Marina Manners

August 2016 Feature Janet Groene and Gordon Groene

The houseboaters next door to us at a marina in the Florida Keys had an adorable dog that was perfectly behaved until the owners left the boat. Then it barked nonstop until they returned.

As a liveaboard, you may find yourself docked or anchored with only a few feet of thin air between your houseboat and the neighbors’ parties, engine exhaust, cooking odors, noisy children, barking dog, barbecue smoke and loudspeakers. How can you be a better neighbor? What to do if your neighbors are jerks?

Marinas have written rules that govern visitors, pets, quiet hours, trash disposal, and generator use, but in many marinas they’re enforced unevenly. Dock masters may have their friends and favorites, or the tenants’ committee may be purely political. Prejudices may depend on the size of your boat or bankroll or how long you’ve been around. How long is too long run up a loud, stinky engine? How high can you crank up the speakers on deck? How much smoke can your barbecue belch before you are a public nuisance? How early is too early to take off for a day’s fishing?

Here are some thoughts on neighbor relations.

* Be a good tenant onboard and off. Be a good neighbor in the marina pool, rest rooms, laundry room and club house. Be a good marina customer too. Patronize its store, bait shop, restaurant and other services.

* If possible, campaign for “liveaboard only” docks separate from transient berths. Transients’ pace is faster, louder and more crowded. Where boats are rented by the week, every bunk is filled to share costs and everyone parties hearty for the week.

* Know which way the wind is blowing, both literally and figuratively. Don’t let the engine idle longer than necessary. Be sensitive about generator noise and exhaust. Ditto your dock scooter, power tools, and smoke from the grill.

* Conserve water and power. Even if utilities are included in the rates, they cost the marina and they cost the earth. Respect the facility’s wiring, plumbing, landscaping, pilings and all other services and utilities.

* Pets are one of the greatest sources of ill will among neighbors. If you leave a dog alone, ask neighbors to tell you frankly if it barks while you’re away. If it is a nuisance, get a training collar to stop the barking. Magnify all your best pet owner manners. Scoop up any mess immediately and dispose of it properly. Don’t hose it into the water. Never let a dog or cat piddle on others’ dockside hose, lines or other territory.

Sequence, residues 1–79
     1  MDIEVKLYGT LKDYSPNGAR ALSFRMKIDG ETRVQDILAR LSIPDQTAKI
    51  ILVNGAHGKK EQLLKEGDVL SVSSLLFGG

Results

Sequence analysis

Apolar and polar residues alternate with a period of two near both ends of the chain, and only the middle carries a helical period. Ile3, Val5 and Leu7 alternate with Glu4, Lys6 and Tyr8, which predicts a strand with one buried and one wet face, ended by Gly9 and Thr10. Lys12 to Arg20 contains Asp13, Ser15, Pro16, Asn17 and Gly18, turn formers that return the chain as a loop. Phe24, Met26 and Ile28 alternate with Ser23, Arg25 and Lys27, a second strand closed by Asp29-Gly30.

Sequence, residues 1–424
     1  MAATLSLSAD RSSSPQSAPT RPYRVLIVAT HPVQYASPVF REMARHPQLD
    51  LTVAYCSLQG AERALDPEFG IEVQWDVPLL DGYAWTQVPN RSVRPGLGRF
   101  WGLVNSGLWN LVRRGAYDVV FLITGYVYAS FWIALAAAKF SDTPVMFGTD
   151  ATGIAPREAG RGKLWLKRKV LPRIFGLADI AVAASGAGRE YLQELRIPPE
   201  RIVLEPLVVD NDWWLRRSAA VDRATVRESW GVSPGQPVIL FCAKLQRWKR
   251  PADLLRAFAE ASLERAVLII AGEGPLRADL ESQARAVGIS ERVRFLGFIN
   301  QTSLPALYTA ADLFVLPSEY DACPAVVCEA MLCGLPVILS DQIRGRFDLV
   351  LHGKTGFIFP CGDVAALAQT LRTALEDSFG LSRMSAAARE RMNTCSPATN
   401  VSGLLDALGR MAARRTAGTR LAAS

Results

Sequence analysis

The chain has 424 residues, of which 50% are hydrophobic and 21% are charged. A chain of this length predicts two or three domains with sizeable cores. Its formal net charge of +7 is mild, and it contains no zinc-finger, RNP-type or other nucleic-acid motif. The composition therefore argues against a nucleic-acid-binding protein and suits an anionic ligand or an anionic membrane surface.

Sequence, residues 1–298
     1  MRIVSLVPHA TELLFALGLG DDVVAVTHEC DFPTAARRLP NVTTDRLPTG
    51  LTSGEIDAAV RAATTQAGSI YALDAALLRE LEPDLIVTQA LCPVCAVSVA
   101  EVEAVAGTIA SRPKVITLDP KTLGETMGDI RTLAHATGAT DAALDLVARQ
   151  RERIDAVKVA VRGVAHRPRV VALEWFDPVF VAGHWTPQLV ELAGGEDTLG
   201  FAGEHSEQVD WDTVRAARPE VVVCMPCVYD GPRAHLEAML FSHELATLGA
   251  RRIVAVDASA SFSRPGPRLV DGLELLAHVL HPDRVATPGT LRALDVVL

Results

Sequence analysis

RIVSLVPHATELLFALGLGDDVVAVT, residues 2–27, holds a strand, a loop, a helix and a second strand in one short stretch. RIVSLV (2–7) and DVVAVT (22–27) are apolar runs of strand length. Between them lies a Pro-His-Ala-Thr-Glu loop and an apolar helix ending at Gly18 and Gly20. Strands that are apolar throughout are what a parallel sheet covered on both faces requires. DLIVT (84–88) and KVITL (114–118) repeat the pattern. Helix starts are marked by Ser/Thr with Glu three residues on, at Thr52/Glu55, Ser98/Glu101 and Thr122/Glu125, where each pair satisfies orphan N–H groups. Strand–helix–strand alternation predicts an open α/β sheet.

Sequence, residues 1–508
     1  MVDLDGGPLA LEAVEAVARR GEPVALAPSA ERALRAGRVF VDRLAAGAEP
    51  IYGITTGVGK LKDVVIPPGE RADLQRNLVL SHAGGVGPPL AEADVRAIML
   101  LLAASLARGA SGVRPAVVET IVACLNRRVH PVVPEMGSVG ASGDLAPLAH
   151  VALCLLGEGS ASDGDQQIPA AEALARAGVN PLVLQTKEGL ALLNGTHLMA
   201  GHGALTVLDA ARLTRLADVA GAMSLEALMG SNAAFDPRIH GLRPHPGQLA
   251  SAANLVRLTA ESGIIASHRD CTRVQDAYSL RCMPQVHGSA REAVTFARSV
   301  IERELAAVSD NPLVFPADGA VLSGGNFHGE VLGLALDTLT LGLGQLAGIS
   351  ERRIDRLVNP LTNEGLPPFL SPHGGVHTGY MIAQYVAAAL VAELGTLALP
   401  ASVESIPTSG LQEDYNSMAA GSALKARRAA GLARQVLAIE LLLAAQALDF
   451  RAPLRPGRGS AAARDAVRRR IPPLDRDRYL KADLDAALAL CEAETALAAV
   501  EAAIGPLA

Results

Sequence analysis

It’s a common faux pas to bathe a small pet in the marina shower. Others complain when pet hair and odors are left behind, and another “No Pets Allowed” goes up in yet another marina. Never lose control of the pet. It could fall overboard, run away or get stolen. Make sure the dog can’t jump from the boat to the dock to attack a passing child or other pet.

* Form a residents’ group. Make sure everyone has a written copy of the rules. Share duties on the enforcement committee so everyone gets stuck equally with this unpopular job. In one such association in Florida, the committee has coffee together every other Tuesday morning, then they stroll the docks together to note any infractions. Warning notices are written and sent in the name of the committee. No one individual has to take the heat.

*Work with the powers that be. If the marina manager can’t or won’t deal with a serious problem, you may have to call in zoning officials, the fire marshal, environmental enforcers, the wildlife service, or other authorities. Avoid personal confrontations.

* Be pro­active. Invite a law enforcement officer to one of your resident meetings to explain how to create an effective “neighborhood watch” program for the marina and grounds. Organize informal coffees, cocktail hours and potlucks in the spirit of neighborliness. Set up mutually helpful programs, such as a courtesy car or loaner tool bin.

* Lighten up. It’s just part of marina life that some boats leave at 5 a.m. and others don’t get back until midnight. Your neighbors have kids, dogs, friends and music tastes different from yours. Stuff happens.

* Stay active. Cabin fever can set in and curdle your attitude about neighbors. Your boat was built to move, discover and explore. The dock never looks better than after you’ve been out there and return safely.

* The Golden Rule still makes good sense. Do unto others, etc.

About the Authors

“Living Aboard” is a recurring column that focuses on living on your houseboat. Gordon and Janet Groene lived full-time on the go for ten years and they hold the NMMA Directors Award for boating journalism. Janet posts new galley recipes weekly at


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